After water, coffee is the most commonly consumed beverage worldwide. And, mounting research suggests that the antioxidant-rich pick-me-up may help reduce the risk of chronic diseases, help boost one’s mood and may actually help you live longer.
In fact, the new Dietary Guidelines for Americans say that you can enjoy up to five cups of coffee a day—and that it may help reduce the risk of type 2 diabetes, cardiovascular disease, Parkinson’s disease and much more. The health benefits of coffee come from its caffeine content as well as its natural antioxidants. In fact, coffee and tea provide more antioxidants in the U.S. diet than any other plant-based foods.
Research reported in the Journal of Nutrition found that among nearly 5,000 U.S. women, those who drank the most coffee had longer telomere length. Telomeres help keep our DNA healthy and the longer they are, the healthier our DNA and cells remain. Longer telomeres are also associated with longer lives.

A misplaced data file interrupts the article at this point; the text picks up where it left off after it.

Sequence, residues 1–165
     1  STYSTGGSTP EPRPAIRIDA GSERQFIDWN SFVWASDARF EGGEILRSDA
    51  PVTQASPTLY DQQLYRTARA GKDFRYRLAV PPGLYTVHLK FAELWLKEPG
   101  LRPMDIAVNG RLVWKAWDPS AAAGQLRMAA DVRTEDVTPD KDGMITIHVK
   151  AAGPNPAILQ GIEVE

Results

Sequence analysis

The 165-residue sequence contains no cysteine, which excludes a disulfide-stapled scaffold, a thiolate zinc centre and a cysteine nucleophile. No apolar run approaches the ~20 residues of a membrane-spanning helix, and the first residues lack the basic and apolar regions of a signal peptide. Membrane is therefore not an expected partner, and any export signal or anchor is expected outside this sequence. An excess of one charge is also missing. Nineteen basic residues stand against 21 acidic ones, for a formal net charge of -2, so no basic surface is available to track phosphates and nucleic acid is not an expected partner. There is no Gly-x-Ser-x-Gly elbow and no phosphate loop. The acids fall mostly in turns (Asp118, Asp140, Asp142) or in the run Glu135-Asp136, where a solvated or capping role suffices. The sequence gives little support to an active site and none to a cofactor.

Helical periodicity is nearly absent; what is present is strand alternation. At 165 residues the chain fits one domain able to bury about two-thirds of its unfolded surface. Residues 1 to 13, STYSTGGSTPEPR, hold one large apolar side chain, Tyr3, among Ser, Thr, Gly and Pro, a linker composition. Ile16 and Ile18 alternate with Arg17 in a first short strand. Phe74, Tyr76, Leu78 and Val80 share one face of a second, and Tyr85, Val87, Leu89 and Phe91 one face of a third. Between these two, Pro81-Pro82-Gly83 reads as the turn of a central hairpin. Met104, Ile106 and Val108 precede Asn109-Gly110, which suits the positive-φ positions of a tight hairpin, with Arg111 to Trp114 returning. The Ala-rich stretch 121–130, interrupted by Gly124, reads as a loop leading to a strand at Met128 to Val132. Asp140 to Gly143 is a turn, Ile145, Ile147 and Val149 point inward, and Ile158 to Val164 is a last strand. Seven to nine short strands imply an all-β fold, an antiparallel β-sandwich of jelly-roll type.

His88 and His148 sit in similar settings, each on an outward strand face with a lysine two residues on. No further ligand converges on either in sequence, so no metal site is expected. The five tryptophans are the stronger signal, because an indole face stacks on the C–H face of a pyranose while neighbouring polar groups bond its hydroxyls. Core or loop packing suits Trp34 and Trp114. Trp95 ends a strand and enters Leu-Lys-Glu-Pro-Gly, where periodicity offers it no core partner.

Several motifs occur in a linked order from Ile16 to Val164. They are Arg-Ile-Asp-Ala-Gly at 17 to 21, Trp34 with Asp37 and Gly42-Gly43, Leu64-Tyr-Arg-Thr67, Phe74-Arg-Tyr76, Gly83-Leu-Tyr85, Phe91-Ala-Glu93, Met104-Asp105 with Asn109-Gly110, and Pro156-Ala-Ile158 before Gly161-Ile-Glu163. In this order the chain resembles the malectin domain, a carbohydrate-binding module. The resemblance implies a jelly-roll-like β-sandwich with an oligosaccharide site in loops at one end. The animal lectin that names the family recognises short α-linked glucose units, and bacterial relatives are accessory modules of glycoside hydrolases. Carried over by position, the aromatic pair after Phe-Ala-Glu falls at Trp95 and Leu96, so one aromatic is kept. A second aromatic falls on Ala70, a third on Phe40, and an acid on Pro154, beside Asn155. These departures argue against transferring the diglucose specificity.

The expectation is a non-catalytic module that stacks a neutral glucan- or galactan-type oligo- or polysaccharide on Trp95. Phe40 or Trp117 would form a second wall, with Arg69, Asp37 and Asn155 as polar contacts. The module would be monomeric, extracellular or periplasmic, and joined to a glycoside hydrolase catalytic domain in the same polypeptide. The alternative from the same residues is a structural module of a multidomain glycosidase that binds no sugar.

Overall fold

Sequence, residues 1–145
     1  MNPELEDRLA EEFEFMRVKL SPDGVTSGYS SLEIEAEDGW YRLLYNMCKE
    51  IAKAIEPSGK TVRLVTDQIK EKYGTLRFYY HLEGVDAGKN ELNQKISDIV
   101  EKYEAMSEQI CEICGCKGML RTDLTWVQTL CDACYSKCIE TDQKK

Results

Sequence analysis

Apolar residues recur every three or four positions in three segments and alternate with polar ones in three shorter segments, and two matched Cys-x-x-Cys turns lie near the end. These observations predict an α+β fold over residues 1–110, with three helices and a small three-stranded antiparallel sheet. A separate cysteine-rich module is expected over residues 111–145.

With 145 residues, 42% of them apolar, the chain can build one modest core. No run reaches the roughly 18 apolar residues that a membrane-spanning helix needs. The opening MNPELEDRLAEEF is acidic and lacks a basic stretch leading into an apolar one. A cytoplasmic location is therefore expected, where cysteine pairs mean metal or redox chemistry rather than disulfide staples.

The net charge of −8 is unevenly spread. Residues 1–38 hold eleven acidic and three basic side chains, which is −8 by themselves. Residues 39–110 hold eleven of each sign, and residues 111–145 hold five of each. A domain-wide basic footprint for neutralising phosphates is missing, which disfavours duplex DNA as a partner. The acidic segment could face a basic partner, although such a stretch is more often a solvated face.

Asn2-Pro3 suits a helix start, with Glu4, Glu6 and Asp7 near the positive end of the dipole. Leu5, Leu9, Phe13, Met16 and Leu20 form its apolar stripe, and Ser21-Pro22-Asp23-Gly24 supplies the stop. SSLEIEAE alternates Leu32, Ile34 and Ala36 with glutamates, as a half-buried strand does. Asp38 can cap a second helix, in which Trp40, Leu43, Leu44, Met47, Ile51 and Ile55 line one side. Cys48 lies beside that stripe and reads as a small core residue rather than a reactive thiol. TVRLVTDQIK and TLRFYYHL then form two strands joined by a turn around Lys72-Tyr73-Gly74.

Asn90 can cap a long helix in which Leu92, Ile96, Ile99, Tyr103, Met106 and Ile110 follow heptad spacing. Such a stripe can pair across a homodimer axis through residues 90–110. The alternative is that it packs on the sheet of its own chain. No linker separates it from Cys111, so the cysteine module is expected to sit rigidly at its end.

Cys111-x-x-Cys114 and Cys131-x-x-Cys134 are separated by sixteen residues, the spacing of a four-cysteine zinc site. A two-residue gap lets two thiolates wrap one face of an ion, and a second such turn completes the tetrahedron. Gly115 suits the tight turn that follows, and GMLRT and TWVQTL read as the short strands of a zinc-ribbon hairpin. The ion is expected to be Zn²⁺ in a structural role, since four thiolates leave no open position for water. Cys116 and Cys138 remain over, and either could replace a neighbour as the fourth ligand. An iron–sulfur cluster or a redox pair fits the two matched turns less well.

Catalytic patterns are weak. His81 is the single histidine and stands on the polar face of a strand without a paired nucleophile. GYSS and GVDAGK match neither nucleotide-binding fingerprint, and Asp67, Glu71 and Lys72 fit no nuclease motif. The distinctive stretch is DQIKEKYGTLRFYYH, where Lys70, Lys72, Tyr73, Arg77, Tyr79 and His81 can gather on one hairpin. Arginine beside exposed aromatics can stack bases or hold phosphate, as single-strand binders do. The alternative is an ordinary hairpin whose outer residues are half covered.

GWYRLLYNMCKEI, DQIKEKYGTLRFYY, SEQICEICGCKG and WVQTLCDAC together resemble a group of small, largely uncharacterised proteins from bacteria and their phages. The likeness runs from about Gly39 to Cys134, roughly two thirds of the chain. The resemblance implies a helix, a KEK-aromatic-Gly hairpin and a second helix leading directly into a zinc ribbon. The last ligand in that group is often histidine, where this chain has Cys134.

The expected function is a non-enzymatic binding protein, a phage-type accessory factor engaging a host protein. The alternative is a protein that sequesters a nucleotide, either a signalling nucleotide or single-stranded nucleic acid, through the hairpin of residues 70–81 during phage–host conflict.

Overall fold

In another study, researchers compared women who consumed two to three cups of coffee per day had a 15 percent decrease in risk for depression while those who drank four cups had a 20 percent reduction in risk, compared to women who rarely drank coffee
No association was found between intake of decaffeinated coffee and depression risk. The authors did look at other sources of caffeine, such as tea, chocolate and soda, but did not find an association between these caffeine sources and reduced risk. According to the researcher, coffee is a well-known stimulant, which improves mood, performance and attention.
For the healthiest cup, avoid high-calorie gourmet coffee drinks and opt for regular coffee without added sweetener or whipped cream. It’s fine to use some whole milk or cream.
If you’re looking for a new coffee maker but aren’t sure which is best, check out this great review of drip coffee makers?